Weight Watching and the Effect of Landscape on Honeybee Colony Productivity: Investigating the Value of Colony Weight Monitoring for the Beekeeping Industry.

Lecocq A, Kryger P, Vejsnæs F, Bruun Jensen A - PLoS ONE (2015)

Average monthly hive weights, in kg, for the years 2010, 2011, 2012 and 2013.
© Copyright Policy
Related In: Results  -  Collection

License
Show All Figures
getmorefigures.php?uid=PMC4493132&req=5

pone.0132473.g004: Average monthly hive weights, in kg, for the years 2010, 2011, 2012 and 2013.
Mentions: The monthly average weights showed that the year 2012 was marked by normal average weights in winter and spring but which became lower than in the other years from June onwards (Fig 4). The changes in weight of the hives, from one day to the next, provided us with information regarding the food collection rate or foraging potential (available forage) of bees in productive months of the year, or the consumption rate of colonies during the non-productive months of the year. During the year 2012, colonies were consuming as many resources in winter as those in 2010, 2011, and 2013, and gaining as much weight in early spring. However, this was followed by an average weight loss in June and a shorter productive summer period overall (Fig 5).

Bottom Line: Over the last few decades, a gradual departure away from traditional agricultural practices has resulted in alterations to the composition of the countryside and landscapes across Europe.Once this was carried out, we were able to show that colonies situated in landscapes composed of more than 50% urban areas were significantly more productive than colonies situated in those with more than 50% agricultural areas or those in mixed areas.As well as exploring some of the potential reasons for the observed differences, we discuss the value of weight monitoring of colonies on a large scale.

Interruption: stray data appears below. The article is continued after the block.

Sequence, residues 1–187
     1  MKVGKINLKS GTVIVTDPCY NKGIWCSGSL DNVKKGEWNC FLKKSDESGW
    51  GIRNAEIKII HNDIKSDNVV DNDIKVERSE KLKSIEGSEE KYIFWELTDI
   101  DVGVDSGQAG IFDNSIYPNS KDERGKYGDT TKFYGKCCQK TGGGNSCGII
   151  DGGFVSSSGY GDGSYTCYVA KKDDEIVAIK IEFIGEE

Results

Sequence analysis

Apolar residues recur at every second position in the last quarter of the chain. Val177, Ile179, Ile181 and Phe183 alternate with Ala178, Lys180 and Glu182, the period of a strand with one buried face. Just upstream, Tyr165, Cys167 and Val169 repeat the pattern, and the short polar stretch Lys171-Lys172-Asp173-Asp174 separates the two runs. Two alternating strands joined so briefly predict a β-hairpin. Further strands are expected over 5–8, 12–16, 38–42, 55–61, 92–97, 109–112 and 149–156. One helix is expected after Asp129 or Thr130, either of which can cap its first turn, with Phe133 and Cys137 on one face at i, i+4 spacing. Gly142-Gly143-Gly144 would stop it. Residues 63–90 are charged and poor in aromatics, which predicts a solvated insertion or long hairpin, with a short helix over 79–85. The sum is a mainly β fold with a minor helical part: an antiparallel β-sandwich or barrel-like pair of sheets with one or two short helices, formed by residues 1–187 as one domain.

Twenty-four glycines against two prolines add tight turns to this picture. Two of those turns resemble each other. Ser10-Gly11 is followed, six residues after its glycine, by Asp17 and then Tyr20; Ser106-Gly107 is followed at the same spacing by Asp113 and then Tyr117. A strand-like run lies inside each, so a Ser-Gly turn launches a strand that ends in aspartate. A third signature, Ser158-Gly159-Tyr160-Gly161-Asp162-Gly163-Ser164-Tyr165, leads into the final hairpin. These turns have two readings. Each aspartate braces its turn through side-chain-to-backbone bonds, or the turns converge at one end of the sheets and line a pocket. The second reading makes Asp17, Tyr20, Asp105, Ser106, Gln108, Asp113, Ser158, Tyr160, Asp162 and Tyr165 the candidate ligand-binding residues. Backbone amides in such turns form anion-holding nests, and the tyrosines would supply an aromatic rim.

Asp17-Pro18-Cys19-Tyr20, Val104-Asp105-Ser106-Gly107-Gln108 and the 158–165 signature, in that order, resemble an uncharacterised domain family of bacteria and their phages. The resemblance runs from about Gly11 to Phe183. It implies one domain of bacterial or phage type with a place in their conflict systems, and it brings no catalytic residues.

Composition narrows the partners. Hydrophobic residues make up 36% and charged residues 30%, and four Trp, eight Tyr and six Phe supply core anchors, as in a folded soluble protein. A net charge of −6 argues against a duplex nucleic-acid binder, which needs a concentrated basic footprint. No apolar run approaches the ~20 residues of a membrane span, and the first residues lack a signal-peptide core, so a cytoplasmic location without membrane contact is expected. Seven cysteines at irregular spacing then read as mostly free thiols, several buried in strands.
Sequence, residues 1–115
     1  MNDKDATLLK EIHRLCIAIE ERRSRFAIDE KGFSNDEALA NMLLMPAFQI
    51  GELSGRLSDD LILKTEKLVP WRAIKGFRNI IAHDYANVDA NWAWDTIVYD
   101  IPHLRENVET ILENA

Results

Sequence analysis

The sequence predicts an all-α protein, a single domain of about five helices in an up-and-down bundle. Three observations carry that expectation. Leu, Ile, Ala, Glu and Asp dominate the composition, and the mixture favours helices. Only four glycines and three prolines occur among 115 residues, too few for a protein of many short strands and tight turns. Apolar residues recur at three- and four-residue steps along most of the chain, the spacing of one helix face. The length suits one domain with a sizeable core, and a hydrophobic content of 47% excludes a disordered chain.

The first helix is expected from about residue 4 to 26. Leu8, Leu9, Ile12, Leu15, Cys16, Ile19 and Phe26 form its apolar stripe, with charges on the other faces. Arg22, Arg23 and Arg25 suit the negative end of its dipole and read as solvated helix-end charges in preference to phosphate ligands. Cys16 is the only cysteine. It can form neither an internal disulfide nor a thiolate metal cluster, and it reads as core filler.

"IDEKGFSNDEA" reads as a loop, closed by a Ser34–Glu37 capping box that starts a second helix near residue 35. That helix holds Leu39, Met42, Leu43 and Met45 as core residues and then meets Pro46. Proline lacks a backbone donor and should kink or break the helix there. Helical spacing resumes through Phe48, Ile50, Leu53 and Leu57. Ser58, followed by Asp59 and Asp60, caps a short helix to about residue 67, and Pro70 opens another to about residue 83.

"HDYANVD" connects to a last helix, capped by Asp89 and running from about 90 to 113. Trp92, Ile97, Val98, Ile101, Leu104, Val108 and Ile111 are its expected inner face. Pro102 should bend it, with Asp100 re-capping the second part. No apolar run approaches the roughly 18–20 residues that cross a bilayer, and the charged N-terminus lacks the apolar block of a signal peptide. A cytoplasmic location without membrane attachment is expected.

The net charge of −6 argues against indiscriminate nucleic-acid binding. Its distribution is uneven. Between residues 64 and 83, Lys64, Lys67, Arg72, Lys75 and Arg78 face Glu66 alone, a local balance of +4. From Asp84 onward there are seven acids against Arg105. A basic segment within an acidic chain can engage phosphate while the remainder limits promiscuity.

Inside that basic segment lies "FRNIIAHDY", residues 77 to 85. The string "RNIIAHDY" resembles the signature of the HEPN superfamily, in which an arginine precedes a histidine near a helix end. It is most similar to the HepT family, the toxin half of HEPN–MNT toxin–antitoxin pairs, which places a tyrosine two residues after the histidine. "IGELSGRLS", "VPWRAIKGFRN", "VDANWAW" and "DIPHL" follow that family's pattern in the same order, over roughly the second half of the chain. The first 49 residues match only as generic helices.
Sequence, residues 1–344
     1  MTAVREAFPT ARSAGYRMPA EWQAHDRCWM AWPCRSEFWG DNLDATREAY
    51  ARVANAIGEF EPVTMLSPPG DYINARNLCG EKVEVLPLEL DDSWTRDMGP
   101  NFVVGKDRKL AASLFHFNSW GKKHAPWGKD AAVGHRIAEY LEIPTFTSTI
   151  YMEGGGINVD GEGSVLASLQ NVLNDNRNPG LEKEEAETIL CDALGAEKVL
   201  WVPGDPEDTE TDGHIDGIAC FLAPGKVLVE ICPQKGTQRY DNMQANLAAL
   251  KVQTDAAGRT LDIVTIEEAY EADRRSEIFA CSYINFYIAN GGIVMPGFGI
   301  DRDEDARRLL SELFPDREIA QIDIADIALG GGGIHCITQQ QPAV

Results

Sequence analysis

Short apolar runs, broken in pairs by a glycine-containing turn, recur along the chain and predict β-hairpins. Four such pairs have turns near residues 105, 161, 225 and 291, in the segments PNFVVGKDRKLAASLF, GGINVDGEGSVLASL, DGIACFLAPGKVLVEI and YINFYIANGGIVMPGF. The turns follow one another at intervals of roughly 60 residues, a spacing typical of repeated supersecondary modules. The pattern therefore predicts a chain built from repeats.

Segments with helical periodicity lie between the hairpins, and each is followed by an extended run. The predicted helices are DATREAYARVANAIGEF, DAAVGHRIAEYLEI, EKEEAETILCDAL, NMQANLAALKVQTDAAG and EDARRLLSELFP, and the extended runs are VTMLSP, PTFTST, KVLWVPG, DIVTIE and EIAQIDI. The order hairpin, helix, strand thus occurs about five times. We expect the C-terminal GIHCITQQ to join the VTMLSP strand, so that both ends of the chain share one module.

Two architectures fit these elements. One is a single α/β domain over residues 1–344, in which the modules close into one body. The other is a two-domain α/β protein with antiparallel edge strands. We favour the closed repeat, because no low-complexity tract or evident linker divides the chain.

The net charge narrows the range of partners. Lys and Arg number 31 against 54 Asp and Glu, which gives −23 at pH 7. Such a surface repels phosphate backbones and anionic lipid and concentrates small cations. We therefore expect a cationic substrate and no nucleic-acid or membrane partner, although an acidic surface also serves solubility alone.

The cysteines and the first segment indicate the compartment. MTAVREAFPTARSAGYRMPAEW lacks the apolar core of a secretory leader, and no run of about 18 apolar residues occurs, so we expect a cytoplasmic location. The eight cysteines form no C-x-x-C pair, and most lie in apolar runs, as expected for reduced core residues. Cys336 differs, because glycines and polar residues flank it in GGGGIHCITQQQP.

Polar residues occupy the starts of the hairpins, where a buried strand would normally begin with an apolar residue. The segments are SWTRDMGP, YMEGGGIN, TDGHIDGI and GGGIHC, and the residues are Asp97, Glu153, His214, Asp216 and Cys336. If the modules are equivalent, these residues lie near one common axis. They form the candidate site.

View Article: PubMed Central - PubMed

Affiliation: University of Copenhagen, Department of Plants and Environmental Sciences-PLEN, 1871 Frederiksberg C, Denmark.

ABSTRACT
Over the last few decades, a gradual departure away from traditional agricultural practices has resulted in alterations to the composition of the countryside and landscapes across Europe. In the face of such changes, monitoring the development and productivity of honey bee colonies from different sites can give valuable insight on the influence of landscape on their productivity and might point towards future directions for modernized beekeeping practices. Using data on honeybee colony weights provided by electronic scales spread across Denmark, we investigated the effect of the immediate landscape on colony productivity. In order to extract meaningful information, data manipulation was necessary prior to analysis as a result of different management regimes or scales malfunction. Once this was carried out, we were able to show that colonies situated in landscapes composed of more than 50% urban areas were significantly more productive than colonies situated in those with more than 50% agricultural areas or those in mixed areas. As well as exploring some of the potential reasons for the observed differences, we discuss the value of weight monitoring of colonies on a large scale.

No MeSH data available.


Related in: MedlinePlus